EAV - Entity-Attribute-Value Implentation

Table of Contents

The Desires
It goes by various Names
Bad solution
The Problems
A Solution
But what about the ad hoc queries?
Why it Works
Details on the BLOB/JSON
Brought to you by Rick James

The Desires

    ⚈  Open-ended set of "attributes" (key=value) for each "entity". That is, the list of attributes is not known at development time, and will grow in the future. (This makes one column per attribute impractical.)
    ⚈  "ad hoc" queries testing attributes.
    ⚈  Attribute values come in different types (numbers, strings, dates, etc.)
    ⚈  Scale to lots of entities, yet perform well.F

It goes by various Names

    ⚈  EAV -- Entity - Attribute - Value
    ⚈  key-value
    ⚈  RDF -- This is a flavor of EAV
    ⚈  MariaDB has
dynamic columns that look something like the solution below. They have the added advantage of being able to index the columns otherwise hidden in the blob. (There are caveats.)
    ⚈  5.7 Has JSON datatype, plus functions to access parts
    ⚈  MongoDB, CouchDB -- and others -- Not SQL-based.

Bad solution

    ⚈  Table with 3 columns: entity_id, key, value
    ⚈  The "value" is a string, or maybe multiple columns depending on datatype or other kludges.
    ⚈  a JOIN b ON a.entity=b.entity AND b.key='x' JOIN c ON ... WHERE a.value=... AND b.value=...

The Problems

    ⚈  The SELECTs get messy -- multiple JOINs
    ⚈  Datatype issues -- It's clumsy to be putting numbers into strings
    ⚈  Numbers stored in VARCHAR do not compare 'correctly', especially for range tests.
    ⚈  Bulky.
    ⚈  Dedupping the Values is clumsy.

A Solution

Decide which columns need to be searched/sorted by SQL queries. No, you don't need all the columns to be searchable or sortable. Certain columns are frequently used for selection; identify these. You probably won't use all of them in all queries, but you will use some of them in every query.

The solution uses one table for all the EAV stuff. The columns include the searchable fields plus one BLOB. Searchable fields are declared appropriately (INT, TIMESTAMP, etc). The BLOB contains JSON-encoding of all the extra fields.

The table should be InnoDB, hence it should have a PRIMARY KEY. The entitity_id is the 'natural' PK. Add a small number of other indexes (often 'composite') on the searchable fields. PARTITIONing is unlikely to be of any use, unless the Entities should purged after some time. (Example: News Articles)

But what about the ad hoc queries?

You have included the most important fields to search on -- date, category, etc. These should filter the data down significantly. When you also need to filter on something more obscure, that will be handled differently. The application code will look at the BLOB for that; more on this later.

Why it Works

    ⚈  You are not really going to search on more than a few fields.
    ⚈  The disk footprint is smaller; Smaller --> More cacheable --> Faster
    ⚈  It needs no JOINs
    ⚈  The indexes are useful
    ⚈  The one table has one row per entity, and can grow as needed. (EAV needs many rows per entity.)
    ⚈  Performance is as good as the indexes you have on the 'searchable fields'.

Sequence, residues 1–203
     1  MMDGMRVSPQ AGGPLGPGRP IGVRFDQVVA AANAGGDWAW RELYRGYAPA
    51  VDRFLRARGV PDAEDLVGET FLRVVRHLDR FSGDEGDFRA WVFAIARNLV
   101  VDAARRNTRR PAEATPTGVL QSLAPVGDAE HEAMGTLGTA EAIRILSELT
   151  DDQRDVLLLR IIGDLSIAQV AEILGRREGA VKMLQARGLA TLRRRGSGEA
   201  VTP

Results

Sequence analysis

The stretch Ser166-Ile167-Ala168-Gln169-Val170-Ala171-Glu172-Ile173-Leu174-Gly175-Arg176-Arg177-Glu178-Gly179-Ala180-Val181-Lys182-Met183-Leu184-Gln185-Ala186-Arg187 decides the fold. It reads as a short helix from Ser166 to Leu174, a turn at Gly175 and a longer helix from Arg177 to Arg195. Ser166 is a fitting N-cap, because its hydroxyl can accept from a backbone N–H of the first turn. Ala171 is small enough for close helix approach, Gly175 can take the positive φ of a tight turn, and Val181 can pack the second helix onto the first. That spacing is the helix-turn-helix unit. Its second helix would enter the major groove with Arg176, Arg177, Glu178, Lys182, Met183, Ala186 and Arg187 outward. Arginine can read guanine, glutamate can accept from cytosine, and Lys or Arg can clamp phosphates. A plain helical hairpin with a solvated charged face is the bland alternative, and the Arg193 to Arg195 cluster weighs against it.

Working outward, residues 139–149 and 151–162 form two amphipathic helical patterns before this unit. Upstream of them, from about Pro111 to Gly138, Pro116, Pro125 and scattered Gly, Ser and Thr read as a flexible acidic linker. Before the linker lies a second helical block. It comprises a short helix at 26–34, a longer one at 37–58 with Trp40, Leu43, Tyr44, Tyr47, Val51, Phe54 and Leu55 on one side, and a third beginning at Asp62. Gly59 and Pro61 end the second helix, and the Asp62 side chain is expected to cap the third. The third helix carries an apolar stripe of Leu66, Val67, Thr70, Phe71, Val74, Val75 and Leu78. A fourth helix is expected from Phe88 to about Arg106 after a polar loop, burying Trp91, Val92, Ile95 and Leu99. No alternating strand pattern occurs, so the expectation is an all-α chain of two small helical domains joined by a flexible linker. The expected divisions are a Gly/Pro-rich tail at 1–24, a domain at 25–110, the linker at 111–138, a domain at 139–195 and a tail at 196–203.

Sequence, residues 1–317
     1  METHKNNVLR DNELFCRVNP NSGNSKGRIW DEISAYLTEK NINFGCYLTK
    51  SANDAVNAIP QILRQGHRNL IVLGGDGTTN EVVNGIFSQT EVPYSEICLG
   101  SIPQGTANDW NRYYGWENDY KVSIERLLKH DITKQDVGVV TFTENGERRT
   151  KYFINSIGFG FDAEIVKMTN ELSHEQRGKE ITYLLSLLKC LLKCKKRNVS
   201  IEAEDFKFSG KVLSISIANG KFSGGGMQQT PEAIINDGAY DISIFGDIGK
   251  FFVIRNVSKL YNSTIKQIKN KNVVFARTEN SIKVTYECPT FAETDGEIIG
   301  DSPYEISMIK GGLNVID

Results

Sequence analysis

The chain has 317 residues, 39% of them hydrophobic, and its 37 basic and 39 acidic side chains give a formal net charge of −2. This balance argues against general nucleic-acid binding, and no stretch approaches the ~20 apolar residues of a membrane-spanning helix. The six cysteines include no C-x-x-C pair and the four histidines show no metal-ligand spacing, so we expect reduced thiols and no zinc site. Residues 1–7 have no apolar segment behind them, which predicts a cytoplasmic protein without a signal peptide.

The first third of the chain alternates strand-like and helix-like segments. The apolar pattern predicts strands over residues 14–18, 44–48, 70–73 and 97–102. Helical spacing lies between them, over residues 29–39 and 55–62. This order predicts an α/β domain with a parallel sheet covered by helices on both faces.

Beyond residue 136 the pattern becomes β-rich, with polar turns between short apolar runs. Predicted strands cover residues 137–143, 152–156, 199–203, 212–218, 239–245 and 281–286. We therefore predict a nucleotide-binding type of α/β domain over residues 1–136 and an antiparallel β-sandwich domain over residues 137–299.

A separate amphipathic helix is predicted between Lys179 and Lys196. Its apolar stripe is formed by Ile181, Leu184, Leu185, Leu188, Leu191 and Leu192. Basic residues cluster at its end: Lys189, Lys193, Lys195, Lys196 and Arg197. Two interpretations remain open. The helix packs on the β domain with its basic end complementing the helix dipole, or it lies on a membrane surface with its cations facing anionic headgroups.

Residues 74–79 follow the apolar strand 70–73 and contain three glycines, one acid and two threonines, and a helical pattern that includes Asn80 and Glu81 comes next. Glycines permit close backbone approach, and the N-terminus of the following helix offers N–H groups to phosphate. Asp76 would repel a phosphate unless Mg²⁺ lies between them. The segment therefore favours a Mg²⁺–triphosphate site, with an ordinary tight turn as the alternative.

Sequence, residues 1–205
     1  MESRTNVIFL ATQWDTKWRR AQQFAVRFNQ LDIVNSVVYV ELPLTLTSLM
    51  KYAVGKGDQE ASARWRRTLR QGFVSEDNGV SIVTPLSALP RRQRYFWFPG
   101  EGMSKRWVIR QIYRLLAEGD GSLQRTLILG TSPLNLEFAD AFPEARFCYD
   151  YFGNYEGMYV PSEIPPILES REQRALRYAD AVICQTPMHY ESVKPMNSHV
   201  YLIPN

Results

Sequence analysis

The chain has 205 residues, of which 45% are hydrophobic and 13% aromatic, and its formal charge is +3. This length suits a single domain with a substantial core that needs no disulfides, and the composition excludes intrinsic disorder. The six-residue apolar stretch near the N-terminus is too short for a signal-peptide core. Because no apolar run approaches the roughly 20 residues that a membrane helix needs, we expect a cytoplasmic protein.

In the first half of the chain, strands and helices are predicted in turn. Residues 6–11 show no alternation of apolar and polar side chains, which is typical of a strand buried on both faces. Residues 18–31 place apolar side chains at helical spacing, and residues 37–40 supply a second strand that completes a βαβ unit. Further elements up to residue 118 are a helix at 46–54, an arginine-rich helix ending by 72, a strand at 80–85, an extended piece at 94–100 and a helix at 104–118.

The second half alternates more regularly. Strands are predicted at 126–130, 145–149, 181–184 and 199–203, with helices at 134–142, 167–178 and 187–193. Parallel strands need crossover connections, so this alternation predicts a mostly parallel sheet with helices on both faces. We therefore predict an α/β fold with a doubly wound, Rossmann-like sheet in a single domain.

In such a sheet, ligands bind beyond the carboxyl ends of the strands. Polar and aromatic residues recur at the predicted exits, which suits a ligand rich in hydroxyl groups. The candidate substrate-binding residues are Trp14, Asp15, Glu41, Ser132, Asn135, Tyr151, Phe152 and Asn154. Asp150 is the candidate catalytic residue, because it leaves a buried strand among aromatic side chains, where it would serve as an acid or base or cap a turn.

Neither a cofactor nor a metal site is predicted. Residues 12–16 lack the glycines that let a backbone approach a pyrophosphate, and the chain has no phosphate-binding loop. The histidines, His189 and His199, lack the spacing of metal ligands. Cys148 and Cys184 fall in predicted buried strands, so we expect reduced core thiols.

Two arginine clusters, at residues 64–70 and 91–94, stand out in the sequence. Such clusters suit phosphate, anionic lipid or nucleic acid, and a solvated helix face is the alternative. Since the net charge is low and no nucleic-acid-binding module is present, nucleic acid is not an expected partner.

⚈  Optionally, you can duplicate the indexed fields in the BLOB.
    ⚈  Values missing from 'searchable fields' would need to be NULL (or whatever), and the code would need to deal with such.

Details on the BLOB/JSON

    ⚈  Build the extra (or all) key-value pairs in a hash (associative array) in your application. Encode it. COMPRESS it. Insert that string into the BLOB.
JSON is recommended, but not mandatory; it is simpler than XML. Other serializations (eg, YAML) could be used.
    ⚈  COMPRESS the JSON and put it into a BLOB (or MEDIUMBLOB) instead of a TEXT field. Compression gives about 3x shrinkage.
    ⚈  When SELECTing, UNCOMPRESS the blob. Decode the string into a hash. You are now ready to interrogate/display any of the extra fields.
    ⚈  If you choose to use the JSON features of MariaDB or 5.7, you will have to forgo the compression feature described.
    ⚈  MySQL 5.7.8's JSON native JSON datatype uses a binary format for more efficient access.


    ⚈  Schema is reasonably compact (compression, real datatypes, less redundancy, etc, than EAV)
    ⚈  Queries are fast (since you have picked 'good' indexes)
    ⚈  Expandable (JSON is happy to have new fields)
    ⚈  Compatible (No 3rd party products, just supported products)
    ⚈  Range tests work (unlike storing INTs in VARCHARs)
    ⚈  (Drawback) Cannot use the non-indexed attributes in WHERE or ORDER BY clauses, must deal with that in the app. (5.7 partially alleviates this.)


Posted Jan, 2014; Refreshed Feb, 2016.

MariaDB's Dynamic Columns
MySQL 5.7's JSON

This looks very promising; I will need to do more research to see how much of this blog is obviated by it: Using MySQL as a Document Store in 5.7
more DocStore discussion
EAV Fail

If you insist on EAV, set optimizer_search_depth=1.

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-- Rick James

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Partition Maintenance (DROP+REORG) for time series (includes list of PARTITION uses)
Big DELETEs - how to optimize -- and other chunking advice, plus a use for PARTITIONing
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Data Warehouse techniques:
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Entity-Attribute-Value -- a common, poorly performing, design pattern (EAV); plus an alternative
Find the nearest 10 pizza parlors -- efficient searching on Latitude + Longitude (another PARITION use)
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Pagination, not with OFFSET, LIMIT
Techniques on efficiently finding a random row (On beyond ORDER BY RAND())
GUID/UUID Performance (type 1 only)
IP Range Table Performance -- or other disjoint ranges
Rollup Unique User Counts
Alter of a Huge table -- Mostly obviated by 5.6
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